Bird Friendly Beaches: Evaluating dog and human interactions with Great Lakes piping plovers (Charadrius melodus) and other shorebirds

TitleBird Friendly Beaches: Evaluating dog and human interactions with Great Lakes piping plovers (Charadrius melodus) and other shorebirds
Publication TypeThesis
Year of Publication2016
AuthorsRutter JE
DegreeM.S.
Number of Pages72
Date Published12/2016
UniversityUniversity of Minnesota
Thesis TypeMasters Thesis
KeywordsPiping Plovers
Abstract

Shorebirds are declining at an alarming rate globally. The primary causes

identified, and therefore focus of conservation efforts, are climate change and

habitat loss. However, other anthropogenic influences are also important and

need to be addressed. In doing so, cumulative impacts on shorebirds may not be

eliminated but could be decreased. One of the most prevalent issues is dogs

(Canis familiaris) on beaches. To date, no extensive research has been

conducted on how to address this problem although many studies have focused

on obtaining baseline data at specific focal beaches. Chapter 1 is a

comprehensive literature review on dog impacts on shorebirds. Current science

indicates that dogs on beaches are an issue for all shorebirds, at every age, at

any time of year, around the world. However, the best practices for reducing the

impacts or interacting with dogs and their owners were not included in the studies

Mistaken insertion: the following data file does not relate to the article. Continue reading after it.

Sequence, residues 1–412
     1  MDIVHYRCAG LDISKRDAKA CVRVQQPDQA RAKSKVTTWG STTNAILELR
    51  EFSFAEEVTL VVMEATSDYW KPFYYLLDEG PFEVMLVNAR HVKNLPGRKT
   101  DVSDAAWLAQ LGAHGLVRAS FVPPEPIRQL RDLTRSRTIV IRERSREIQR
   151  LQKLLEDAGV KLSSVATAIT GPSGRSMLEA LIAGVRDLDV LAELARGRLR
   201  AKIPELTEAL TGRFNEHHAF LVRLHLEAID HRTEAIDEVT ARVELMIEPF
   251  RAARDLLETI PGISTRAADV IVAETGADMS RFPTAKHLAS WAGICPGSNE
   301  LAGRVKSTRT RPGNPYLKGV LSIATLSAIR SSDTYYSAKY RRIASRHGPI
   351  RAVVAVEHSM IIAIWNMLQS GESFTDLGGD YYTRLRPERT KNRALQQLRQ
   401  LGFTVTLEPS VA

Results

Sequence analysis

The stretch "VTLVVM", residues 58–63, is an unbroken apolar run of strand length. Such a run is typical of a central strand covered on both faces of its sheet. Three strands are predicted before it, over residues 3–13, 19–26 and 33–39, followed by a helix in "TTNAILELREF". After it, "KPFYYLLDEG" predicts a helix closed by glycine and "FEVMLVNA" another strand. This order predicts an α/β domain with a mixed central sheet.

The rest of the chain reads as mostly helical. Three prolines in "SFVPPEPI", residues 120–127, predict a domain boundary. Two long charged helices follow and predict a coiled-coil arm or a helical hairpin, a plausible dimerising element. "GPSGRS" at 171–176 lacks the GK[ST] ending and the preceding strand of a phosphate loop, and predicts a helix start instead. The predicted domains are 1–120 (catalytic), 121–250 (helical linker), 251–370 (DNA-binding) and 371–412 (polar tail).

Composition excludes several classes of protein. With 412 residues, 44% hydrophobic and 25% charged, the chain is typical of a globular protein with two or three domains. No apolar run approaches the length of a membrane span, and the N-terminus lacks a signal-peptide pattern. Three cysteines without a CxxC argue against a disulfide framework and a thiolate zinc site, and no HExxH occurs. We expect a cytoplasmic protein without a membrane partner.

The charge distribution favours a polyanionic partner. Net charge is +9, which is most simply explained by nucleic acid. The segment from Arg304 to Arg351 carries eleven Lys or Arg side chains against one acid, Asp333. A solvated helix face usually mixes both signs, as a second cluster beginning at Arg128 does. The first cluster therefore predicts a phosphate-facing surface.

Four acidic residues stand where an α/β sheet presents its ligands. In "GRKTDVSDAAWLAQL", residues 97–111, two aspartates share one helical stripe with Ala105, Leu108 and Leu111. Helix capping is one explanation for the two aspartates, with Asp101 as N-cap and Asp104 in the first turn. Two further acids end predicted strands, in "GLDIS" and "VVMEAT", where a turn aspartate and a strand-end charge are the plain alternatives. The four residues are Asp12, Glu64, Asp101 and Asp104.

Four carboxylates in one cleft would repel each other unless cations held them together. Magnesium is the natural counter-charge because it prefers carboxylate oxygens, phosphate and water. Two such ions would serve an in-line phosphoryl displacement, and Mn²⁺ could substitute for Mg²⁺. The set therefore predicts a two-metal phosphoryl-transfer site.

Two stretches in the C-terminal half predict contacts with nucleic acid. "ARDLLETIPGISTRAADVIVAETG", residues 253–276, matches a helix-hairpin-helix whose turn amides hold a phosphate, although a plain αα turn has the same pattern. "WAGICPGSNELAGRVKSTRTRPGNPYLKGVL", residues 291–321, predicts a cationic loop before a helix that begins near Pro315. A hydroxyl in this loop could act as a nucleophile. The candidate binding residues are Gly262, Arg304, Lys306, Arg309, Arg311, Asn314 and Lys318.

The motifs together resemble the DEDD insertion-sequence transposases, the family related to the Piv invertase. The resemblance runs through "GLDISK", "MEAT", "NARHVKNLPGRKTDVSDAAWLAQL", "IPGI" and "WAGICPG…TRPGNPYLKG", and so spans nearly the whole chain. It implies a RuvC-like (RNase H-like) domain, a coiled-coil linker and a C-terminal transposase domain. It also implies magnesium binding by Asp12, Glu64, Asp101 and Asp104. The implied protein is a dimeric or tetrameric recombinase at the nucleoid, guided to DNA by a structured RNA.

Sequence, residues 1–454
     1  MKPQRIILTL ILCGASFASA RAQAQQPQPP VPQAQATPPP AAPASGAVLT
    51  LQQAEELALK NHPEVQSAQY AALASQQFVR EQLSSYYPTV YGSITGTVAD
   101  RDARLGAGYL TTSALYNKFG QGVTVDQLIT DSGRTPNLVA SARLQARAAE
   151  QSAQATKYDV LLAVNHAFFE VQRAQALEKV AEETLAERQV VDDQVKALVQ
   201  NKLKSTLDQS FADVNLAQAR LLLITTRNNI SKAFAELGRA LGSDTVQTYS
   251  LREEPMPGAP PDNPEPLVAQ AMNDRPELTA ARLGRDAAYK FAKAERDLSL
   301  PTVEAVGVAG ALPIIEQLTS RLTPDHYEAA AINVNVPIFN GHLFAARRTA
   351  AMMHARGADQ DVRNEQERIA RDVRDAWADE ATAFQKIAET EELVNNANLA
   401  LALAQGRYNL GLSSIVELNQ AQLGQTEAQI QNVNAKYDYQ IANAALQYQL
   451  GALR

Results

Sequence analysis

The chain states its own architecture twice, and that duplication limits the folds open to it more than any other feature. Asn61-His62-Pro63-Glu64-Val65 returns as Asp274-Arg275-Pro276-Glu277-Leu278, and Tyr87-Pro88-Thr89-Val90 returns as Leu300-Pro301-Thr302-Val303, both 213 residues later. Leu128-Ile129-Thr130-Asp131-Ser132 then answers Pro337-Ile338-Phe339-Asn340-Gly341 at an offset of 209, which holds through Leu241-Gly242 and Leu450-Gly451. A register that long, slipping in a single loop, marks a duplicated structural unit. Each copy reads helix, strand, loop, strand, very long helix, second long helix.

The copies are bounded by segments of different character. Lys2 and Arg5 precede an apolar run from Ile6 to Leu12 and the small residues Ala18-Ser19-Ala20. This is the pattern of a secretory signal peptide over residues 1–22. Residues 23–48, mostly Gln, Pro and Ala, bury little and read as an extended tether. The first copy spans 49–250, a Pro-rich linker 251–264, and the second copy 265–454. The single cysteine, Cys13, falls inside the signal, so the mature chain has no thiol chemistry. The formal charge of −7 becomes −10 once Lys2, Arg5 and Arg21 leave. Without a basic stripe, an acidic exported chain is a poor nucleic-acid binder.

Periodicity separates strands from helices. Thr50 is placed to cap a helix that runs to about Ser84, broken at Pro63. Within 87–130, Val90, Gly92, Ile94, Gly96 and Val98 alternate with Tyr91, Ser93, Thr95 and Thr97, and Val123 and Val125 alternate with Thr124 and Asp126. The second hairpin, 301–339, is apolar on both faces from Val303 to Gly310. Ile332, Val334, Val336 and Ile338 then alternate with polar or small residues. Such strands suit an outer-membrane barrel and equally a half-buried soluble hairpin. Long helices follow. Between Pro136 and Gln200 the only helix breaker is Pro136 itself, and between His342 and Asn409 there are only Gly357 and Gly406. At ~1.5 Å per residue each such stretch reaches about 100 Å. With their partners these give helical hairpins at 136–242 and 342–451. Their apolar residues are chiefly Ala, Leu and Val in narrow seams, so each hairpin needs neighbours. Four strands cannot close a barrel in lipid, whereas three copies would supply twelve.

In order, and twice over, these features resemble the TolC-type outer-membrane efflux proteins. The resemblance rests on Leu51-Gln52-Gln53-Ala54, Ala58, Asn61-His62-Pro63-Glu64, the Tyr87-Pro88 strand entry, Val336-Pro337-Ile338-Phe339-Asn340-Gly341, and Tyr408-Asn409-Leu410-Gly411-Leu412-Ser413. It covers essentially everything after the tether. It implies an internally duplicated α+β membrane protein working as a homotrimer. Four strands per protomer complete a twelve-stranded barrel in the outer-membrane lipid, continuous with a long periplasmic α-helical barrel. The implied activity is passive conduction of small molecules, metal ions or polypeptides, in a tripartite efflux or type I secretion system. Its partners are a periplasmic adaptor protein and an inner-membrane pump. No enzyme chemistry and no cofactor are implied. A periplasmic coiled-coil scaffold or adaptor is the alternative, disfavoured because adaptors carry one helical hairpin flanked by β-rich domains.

reviewed. Chapter 2 describes an in-person survey on beaches throughout

Michigan, USA, to better understand the current knowledge and level of support

for beach conservation as well as dog beaches by Michigan beach-goers. On the

30th anniversary of federal listing of the Great Lakes piping plover (Charadrius

melodus) as an endangered population, the responses obtained provide

important information about the current situation on these beaches. Results of

the survey indicate: 1) the majority of participants are not aware of what a piping

plover is (n=317, 58%), 2) participants are generally supportive of protecting

beach wildlife (89% of participants responded “very important”) 3) participants

v

are relatively supportive of restrictions on human recreation if it helps protect

beach wildlife (67% of participants responded “very important”). These data will

improve current outreach and educational programs as incorporating the human

dimensions aspect of conservation into the project will be crucial to the long-term

success of the recovery effort.

Related people: 
Jordan Rutter
Related research sites: 
Whitefish Point
Wilderness State Park
Petoskey State Park
Sleeping Bear Dunes